The defense said Carpenter was not a "fair fact finder" in this case and that the elephant's swaying is a common occurrence. He hammered Carpenter saying she has no qualifications to handle anything other than "cats, dogs or ferrets."
He asked her what was wrong with the ponies that led them to be a concern and subsequently seized and she said there was nothing "outwardly" wrong with them, but she didn't know that at the time until a veterinarian could examine them.
He stressed how unfair that was to the owners.
An animal rescue in Lawrence County has been paying to feed the ponies, which are being cared for at an undisclosed local farm. The elephant has been cared and fed at the sanctuary.
"There were concerns as to the ponies' health due to the amount of time they were traveling around," the prosecutor said, who equated the situation to a child abuse case.
"If we are concerned about one child, we typically have them all removed to have them checked out," she added.
The state indicated that they're no longer asking the court to continue seizure of the ponies.
Shay Culbertson was next on the stand. She saw the Liebels and Nosey in Cullman on November 5 where they performed and she noticed that the elephant did not have any hay so she went to purchase several bales for $8.50 a piece at the local Tractor Supply. She brought them to the family and they indicated that Nosey's hay had gotten wet, but the price she paid was more than they could afford.
The defense went on to question Culbertson, asking her knowledge about different kinds of hay and elephant's digestive systems.
She admitted that she read about Nosey in the newspaper and went to see her in person. She also asked animal control officers in Cullman to check on her, but said they told her that the elephant had food, which was the food she brought to the owners. She also contacted the animal control officer in Lawrence County to express her concerns when the family left Cullman.
Dr. Lydia Young, full time associate veterinarian at the Elephant Sanctuary, was next to testify. She talked about her background, education, training and publications, revealing that she's spent time in Thailand caring for a group of several thousand elephants. She was stipulated as the state's elephant expert. She was there when Nosey arrived at the sanctuary in the early morning hours of November 10 to observe her as she exited the transport trailer and went into their barn. She says the elephant was calm, alert and curious.
"She took her time gently exiting the trailer and was very interested in all of the new food available to her," Young said.
She has seen the elephant every day since then. She voiced concerns over her extra dead skin with deep cracks and fissures, her musculature, swollen leg, and discharge in her eyes, and indicated that she moved in a manner that suggested she was "uncomfortable" by abnormally placing all four her legs when she walked.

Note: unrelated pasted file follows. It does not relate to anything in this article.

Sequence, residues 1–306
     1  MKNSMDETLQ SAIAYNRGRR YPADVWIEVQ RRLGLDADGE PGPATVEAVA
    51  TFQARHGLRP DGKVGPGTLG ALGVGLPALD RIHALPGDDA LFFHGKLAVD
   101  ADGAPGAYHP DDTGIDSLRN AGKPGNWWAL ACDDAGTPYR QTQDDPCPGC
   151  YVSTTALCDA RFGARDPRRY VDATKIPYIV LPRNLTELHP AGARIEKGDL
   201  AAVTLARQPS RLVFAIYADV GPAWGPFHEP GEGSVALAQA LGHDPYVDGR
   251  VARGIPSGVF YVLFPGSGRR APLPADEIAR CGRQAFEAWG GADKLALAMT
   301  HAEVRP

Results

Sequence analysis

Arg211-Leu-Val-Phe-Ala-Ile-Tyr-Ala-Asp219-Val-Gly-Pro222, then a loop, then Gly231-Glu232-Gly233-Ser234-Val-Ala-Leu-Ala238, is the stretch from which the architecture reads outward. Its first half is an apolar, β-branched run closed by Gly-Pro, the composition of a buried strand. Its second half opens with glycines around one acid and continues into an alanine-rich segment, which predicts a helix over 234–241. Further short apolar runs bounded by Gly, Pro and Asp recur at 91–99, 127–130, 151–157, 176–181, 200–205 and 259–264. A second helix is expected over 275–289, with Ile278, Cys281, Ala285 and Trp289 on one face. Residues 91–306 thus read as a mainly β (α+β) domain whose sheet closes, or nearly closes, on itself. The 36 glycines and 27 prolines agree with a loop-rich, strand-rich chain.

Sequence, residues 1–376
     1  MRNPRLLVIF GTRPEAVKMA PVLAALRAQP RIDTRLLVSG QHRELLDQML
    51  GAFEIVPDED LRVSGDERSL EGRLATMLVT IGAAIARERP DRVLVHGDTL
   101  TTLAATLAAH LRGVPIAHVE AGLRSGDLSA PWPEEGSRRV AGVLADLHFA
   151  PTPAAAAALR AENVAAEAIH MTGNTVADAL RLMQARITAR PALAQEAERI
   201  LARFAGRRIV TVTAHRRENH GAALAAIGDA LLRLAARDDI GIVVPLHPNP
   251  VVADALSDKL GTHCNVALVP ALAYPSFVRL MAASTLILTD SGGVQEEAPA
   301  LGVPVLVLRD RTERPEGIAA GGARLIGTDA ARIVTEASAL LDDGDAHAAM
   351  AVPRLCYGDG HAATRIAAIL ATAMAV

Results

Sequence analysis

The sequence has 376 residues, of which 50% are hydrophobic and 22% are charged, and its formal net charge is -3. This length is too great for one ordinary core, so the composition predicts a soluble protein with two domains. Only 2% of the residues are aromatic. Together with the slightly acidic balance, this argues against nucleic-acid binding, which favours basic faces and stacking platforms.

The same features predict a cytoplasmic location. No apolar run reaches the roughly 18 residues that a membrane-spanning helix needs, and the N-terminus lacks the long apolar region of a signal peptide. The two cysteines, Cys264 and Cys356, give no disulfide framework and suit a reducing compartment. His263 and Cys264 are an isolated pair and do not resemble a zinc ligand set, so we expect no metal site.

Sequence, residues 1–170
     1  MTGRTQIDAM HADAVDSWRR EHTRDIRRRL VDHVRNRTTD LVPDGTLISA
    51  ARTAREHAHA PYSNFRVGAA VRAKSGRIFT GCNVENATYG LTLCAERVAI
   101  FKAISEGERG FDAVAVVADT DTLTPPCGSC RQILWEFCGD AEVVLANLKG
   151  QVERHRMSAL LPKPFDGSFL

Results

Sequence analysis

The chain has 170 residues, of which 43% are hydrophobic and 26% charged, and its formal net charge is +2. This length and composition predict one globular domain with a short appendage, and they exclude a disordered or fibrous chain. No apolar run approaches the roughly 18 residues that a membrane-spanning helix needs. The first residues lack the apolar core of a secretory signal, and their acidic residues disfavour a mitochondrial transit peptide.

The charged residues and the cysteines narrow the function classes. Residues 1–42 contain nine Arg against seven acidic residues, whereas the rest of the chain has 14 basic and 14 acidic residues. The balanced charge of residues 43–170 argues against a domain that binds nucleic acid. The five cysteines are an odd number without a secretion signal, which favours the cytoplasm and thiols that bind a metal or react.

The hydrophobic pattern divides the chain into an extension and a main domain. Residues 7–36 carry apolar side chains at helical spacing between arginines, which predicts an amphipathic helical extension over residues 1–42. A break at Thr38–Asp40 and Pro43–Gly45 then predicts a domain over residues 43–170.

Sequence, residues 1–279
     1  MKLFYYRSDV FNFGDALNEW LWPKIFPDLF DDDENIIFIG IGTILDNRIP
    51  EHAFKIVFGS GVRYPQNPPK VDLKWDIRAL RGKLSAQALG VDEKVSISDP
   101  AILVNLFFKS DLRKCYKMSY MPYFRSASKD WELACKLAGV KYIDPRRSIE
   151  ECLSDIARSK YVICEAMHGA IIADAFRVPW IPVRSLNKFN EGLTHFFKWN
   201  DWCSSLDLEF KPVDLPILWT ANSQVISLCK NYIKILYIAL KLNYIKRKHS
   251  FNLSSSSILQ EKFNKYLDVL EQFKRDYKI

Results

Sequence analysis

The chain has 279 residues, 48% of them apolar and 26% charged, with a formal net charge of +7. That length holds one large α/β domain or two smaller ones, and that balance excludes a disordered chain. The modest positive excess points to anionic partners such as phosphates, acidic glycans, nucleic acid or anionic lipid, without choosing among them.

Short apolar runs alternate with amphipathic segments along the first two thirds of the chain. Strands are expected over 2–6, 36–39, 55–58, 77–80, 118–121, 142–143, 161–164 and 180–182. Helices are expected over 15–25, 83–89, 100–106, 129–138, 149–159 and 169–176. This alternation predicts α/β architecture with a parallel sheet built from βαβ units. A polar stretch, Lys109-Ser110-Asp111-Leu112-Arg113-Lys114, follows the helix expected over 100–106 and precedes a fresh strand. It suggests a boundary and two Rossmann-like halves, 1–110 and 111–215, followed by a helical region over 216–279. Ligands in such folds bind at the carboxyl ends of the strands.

"Nosey had the most severe built up of dead skin of any elephant that I've ever observed," she said, adding that the condition had spread all over her body.
A bacterial infection was also found in the cracks her skin, which can be life-threatening if not treated.
On the stand, she compared pictures of Nosey to other healthy elephants at the sanctuary, saying it shows how "abnormal" Nosey's skin was.
She spoke to results from testing done on the skin on Nosey's flank, which she says showed that the infection had been present for a very long time.
"My opinion is that the condition had been present for months to possibly years," she added.
The longer an infection has been present, the harder it is to treat, she said.
A treatment plan was developed and implemented to help her skin repair. She may need lifelong car for her skin problems, Young said.
Urine samples also proved "lots and lots of bacteria" present in Nosey's urine. She had a urinary tract infection, but she has improved, Young said
The defense said they felt ambushed by Young's testimony.
X-rays of Nosey's leg and foot show she has osteoarthritis, Dr. Young said.
She submitted them to a zoological radiologist for review. The radiologist provided a written report, also noting osteoarthritis findings.
Young says more tests need to be done, but she says there's a presence of a "systemic, progressive musculoskeletal disease."
"It's believed to be an uncomfortable to painful disease as it progresses," she added.
Nosey has been taking anti-inflammatory medicine and she is undergoing other therapies to help with her condition.
Nosey was also diagnosed with roundworm and was dewormed with medicine.
The defense pointed out that other elephants have died while living at the sanctuary. Dr. Young says the sanctuary exists to care for aging elephants. Since her employment, it has lost six elephants since 2014.
The defense attorney went on to mention that the USDA looked at Nosey four days before she was seized and before she was examined by the sanctuary staff, but the USDA did not confiscate.
The defense questioned Dr. Young's various prognoses, saying nothing was immediately life threatening.
"If she is returned to the conditions she was previously held…in my opinion, those circumstances could be very detrimental to her health," Dr. Young testified. "In those conditions, she will not improve."
For four months a year, the defense says Nosey is in Florida on the Liebel family's property.